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John Bruni on Security Jam 2014

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Ukrainian Soldier Blocking the Road to Sloviansk. Image: Sasha Maksymenko/Flickr

Did Security Jam 2014 strike the right balance in terms of issues discussed, topics, categories etc.?

I believe that Security Jam 2014 did strike the right balance. Essentially it sought to unpack how Europe (i.e. the EU/NATO) would be able to adapt to new global security challenges. The discussions had were not just about weaponry and streamlining the processes by which EU/NATO constituent states operate, it sought to uncover other interesting elements of the security equation such as civil-military relations and the organizational implications of undertaking security in the 21st Century. And by security, I am using its broadest interpretation i.e. using the military instrument in missions other than war fighting, such as peacekeeping, providing humanitarian assistance, disaster relief and cyber security. Furthermore, the forums on contemporary issues such as Ukraine and Syria, added a sense of urgency to the Jam.

What was encouraging to see was the involvement of some senior NATO office holders who engaged with some of the participants in the forums. This added a degree of ‘democratic participation’ to the security discussions. The Security Jam organisers should be commended for making this happen.

As one of the ISN’s southern hemisphere partners, did you find yourself naturally gravitating towards the New Global Balance Forum?

I suppose I may have been, considering that while Australia is a partner of NATO, we in this country are concerned by the rapid rise of China and India and what this may mean for Australia’s strategic position in the ‘Indo-Pacific’ region. But having said that, I am sure I share these concerns with many others on the European continent. After all, we are all wondering where the future may lead us should the current trajectory continue, where many of the important global decisions may not necessarily be made among the EU/NATO capitals. What would such a world mean for the older, established centers of strategic power? Does it signal their inevitable decline, or are  such claims merely exaggerations caused by contemporary pessimism on the European economic front? One of the significant findings in a thread on China, was the degree of scepticism regarding contemporary Chinese strategic power. To be sure, concerns were expressed over China’s machinations in the South China Sea and over the Diaoyu/Senkaku Islands dispute with Japan, but discussions about China’s ability to conduct itself as a first-rate power were very level-headed.  One is not to treat lightly the commercial power that Beijing has, but remain realistic about where this commercial power came from and whether it has translated into real strategic power of the type once wielded by the European Empires of the 19th-20th centuries, or  currently  by the United States.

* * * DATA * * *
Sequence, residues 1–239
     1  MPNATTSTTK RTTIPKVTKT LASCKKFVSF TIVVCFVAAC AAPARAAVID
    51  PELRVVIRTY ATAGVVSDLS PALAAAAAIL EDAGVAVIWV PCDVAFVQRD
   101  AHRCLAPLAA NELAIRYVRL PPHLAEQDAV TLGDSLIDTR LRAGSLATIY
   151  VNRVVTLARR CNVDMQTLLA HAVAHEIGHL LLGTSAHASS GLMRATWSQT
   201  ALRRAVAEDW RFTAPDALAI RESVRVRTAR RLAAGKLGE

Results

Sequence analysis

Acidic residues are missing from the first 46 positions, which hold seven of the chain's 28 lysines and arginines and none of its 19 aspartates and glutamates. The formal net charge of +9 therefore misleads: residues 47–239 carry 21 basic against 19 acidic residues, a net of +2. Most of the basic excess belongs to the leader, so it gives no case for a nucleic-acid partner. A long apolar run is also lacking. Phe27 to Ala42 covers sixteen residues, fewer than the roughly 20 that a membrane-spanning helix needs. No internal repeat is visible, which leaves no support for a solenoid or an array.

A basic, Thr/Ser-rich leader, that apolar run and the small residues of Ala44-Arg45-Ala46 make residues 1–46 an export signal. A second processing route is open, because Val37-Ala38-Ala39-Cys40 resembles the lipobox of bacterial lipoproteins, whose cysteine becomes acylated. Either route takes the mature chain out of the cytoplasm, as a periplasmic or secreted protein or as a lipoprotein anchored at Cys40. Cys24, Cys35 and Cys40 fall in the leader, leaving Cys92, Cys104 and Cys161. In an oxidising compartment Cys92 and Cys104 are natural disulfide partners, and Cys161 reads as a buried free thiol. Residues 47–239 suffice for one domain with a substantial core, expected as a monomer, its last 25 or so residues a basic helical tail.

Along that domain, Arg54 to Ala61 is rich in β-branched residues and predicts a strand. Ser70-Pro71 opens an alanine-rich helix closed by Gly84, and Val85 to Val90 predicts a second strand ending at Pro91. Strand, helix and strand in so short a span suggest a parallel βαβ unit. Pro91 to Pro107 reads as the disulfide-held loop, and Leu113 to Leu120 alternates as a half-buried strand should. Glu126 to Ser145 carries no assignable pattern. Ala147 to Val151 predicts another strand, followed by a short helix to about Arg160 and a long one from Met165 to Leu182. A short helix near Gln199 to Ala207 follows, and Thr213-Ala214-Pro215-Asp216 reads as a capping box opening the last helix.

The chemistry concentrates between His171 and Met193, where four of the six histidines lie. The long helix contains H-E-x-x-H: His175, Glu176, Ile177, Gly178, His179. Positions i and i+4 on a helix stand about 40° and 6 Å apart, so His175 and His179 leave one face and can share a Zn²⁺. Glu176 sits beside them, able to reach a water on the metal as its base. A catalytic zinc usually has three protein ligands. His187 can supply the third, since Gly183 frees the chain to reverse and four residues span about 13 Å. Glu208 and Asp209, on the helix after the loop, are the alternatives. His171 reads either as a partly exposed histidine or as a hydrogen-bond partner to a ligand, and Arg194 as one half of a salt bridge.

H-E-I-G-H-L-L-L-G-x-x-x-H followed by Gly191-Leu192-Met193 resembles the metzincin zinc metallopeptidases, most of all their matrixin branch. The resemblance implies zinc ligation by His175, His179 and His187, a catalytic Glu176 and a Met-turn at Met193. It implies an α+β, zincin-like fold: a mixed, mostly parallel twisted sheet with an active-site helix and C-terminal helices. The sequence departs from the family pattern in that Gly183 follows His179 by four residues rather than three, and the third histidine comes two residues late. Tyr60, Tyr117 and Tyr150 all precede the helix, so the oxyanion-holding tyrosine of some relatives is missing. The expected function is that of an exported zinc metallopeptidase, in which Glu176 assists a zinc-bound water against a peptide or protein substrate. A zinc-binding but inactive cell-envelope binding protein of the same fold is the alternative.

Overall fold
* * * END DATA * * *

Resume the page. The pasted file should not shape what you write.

What was the most startling insight you stumbled upon at the Security Jam 2014?

Broadly speaking, the depth of the discussions had by the participants. Research and analysis is generally quite lonely work, even when working with people right alongside you. In many instances it is rare to test one’s knowledge against others or interrogate others, whether in very senior positions or not. What the Security Jam does and what few other security discussion platforms achieve, is to create a space in which researchers/analysts/academics and security practitioners can come together and feel comfortable sharing knowledge and observations borne from real-world experience. On a more specific level, I think one of the most startling observations was that there was no real debate (barring a few very good comments) on the impact of defence outsourcing and  private military companies on the 21st Century Western security model. For instance, at what stage is it in the national interest to outsource so-called ‘non-essential’ duties to private companies? What, if any, are the real pitfalls of this model? And is a hybridised military-commercial model of operating in the security realm something that nets overall efficiency and effectiveness, or does interfacing two very different styles of operation give the impression of saving money – a political imperative – while creating expensive, structural and operational inefficiencies down the track? I would like to see the next Security Jam really unpack this issue since it will remain with us for some time to come.

How was the Security Jam’s coverage of ‘under the radar issues’?

One of two interrelated issues that struck a chord was the move towards and preparation for the rise of ‘hybrid’ warfare, in other words, when a state uses a broad selection of unconventional military and non-military tactics short of invasion to create a strategic effect – such as how the Russians ‘flat-footed’ the Ukraine and the West over Crimea. The other issue was, how would the world react if this innovative Russian manoeuvre would be repeated elsewhere? Both issues were raised by NATO Supreme Commander, General Philip Breedlove and arguably struck at the very heart of the idea of NATO’s transformation into a relevant global security organization by 2025.